Call for Blue Belt Land

Ringfence flood plains with blue belts, say environment professionals.

With severe flooding set to become an increasingly familiar fact of life around the UK, the Chartered Institution of Water and Environmental Management today wrote to Environment Minister Elliot Morley to demand that the issue be taken seriously with the creation of ‘blue belt’ land in flood plains where, as with the green belt, development is severely restricted or banned altogether for the good of people and the environment.

Blue Belt Land

Ten per cent of the population of England and Wales live with the risk of flooding. The economic value of homes and businesses at risk is over £220 billion. Following a conference of more than 200 experts and an extensive consultation, CIWEM, representing 12,000 environmental professionals, proposes that a new national agency be created with responsibility for flooding and coastal management and the power to designate blue belt land, with local authorities as the implementing bodies responsible for carrying out flood and erosion risk management works.

Nick Reeves, CIWEM’s Executive Director, said:

“Planning priorities and processes must be changed to reflect environmental reality. At present we’re seeing demand-driven development that will require ever-increasing flood defences and mean misery for millions of householders and businesses. What is needed is environmentally responsible and equitable development planning across the UK.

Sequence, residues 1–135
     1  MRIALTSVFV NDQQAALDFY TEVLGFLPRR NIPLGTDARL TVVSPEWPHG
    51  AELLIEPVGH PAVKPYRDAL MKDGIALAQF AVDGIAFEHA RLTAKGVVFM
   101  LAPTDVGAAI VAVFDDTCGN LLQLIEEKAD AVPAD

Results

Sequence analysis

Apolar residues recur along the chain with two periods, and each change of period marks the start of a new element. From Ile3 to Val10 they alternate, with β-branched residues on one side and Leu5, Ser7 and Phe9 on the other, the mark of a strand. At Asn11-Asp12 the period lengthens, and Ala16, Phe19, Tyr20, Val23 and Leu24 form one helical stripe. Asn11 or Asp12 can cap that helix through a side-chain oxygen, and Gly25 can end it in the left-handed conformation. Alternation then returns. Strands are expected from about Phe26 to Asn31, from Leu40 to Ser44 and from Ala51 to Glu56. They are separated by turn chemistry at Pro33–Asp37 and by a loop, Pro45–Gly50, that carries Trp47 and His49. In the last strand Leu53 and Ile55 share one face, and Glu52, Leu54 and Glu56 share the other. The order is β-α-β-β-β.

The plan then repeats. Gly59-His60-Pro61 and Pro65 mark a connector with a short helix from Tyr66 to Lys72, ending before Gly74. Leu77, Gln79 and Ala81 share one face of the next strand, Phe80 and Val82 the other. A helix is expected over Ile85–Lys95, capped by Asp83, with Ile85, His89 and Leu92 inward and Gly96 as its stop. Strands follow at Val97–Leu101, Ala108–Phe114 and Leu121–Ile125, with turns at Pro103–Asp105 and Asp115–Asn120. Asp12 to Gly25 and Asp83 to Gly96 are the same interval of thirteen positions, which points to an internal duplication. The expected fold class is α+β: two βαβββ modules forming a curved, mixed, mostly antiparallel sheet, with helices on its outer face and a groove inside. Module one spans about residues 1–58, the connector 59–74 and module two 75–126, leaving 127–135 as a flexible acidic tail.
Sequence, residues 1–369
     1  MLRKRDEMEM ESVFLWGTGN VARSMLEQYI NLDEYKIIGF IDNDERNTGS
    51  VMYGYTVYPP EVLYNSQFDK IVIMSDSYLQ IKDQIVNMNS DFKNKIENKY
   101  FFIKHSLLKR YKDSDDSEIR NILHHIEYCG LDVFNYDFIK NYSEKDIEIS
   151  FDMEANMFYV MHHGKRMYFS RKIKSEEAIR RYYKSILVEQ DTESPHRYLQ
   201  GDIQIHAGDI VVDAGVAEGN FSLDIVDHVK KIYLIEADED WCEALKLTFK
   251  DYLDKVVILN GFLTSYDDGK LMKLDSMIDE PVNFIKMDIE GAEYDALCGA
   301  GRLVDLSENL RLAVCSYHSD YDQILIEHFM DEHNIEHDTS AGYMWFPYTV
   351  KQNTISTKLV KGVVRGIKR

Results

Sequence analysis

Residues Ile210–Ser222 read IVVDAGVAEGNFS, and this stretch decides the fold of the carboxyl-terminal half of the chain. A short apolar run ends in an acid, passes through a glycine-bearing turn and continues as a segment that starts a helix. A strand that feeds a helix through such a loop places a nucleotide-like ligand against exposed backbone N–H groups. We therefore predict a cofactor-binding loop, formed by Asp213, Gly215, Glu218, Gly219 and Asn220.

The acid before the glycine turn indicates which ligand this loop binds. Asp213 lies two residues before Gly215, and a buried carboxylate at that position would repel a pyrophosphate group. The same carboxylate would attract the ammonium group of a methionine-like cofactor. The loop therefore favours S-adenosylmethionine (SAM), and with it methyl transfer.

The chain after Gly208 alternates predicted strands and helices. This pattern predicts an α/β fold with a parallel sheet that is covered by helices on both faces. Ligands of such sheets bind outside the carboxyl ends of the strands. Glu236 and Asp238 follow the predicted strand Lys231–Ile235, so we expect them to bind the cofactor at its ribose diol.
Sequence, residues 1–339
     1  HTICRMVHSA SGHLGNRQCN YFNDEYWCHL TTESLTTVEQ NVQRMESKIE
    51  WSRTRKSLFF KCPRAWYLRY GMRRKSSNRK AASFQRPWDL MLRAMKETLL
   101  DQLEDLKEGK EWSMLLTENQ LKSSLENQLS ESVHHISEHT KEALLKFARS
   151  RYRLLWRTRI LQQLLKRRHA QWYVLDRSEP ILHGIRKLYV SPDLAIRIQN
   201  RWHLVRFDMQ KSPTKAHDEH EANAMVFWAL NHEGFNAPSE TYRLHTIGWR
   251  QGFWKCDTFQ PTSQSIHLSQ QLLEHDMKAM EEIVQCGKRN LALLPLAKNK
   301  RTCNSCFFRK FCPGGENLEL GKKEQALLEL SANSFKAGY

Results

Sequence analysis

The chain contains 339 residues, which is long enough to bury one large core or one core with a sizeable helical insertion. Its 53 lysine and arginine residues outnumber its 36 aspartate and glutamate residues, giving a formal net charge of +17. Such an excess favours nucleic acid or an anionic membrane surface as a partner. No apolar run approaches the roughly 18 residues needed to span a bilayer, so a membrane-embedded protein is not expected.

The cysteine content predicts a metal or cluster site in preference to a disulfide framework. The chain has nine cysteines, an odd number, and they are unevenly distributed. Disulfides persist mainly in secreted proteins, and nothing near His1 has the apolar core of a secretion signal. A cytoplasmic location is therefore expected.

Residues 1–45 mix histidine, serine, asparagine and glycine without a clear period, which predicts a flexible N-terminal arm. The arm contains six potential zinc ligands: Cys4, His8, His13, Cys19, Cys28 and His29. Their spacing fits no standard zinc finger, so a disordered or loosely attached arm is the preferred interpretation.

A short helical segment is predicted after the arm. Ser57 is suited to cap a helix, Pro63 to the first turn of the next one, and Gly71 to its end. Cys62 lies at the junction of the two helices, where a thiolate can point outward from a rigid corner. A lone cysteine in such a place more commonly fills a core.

“It is entirely wrong that at present, if the Environment Agency’s objections to developing on a floodplain are ignored it is possible for construction to proceed, giving rise to properties that may become a threat to health and life, as well as uninsurable in the longer term,” he added.

According to CIWEM’s experts, most of our towns and cities have some flooding problems, but many have also preserved their floodplains. Good practice the Institution has identified includes the City Council of Worcester, which has made strenuous efforts to prevent or strictly control development in the floodplain. In Ashford, Kent, as part of the planning process the floodplain was highlighted on maps soliciting opinions on where new development should go: as a result, consultees proposed extremely limited development in the floodplain.

By contrast, much of the government’s ‘Sustainable Communities Plan’ for the south-east of England lies within flood plains. This puts the Office of the Deputy Prime Minister (ODPM) and Treasury-driven project in direct conflict with the Environment Agency’s aim of avoiding development in high risk areas.

Nick Reeves added: “CIWEM is extremely concerned that ODPM may be trying to evade local democracy and environmental controls by shepherding plans through regional planning panels and urban development corporations with ‘special planning powers’.”

CIWEM points to opposite action in other countries: in the Republic of Ireland and Canada, for example, the government encourages relocation of settlements outside of flood risk areas with suitable compensation paid from the public purse, and the flood plain land is then protected by planning laws against future development.

CIWEM Press Office, January 2005

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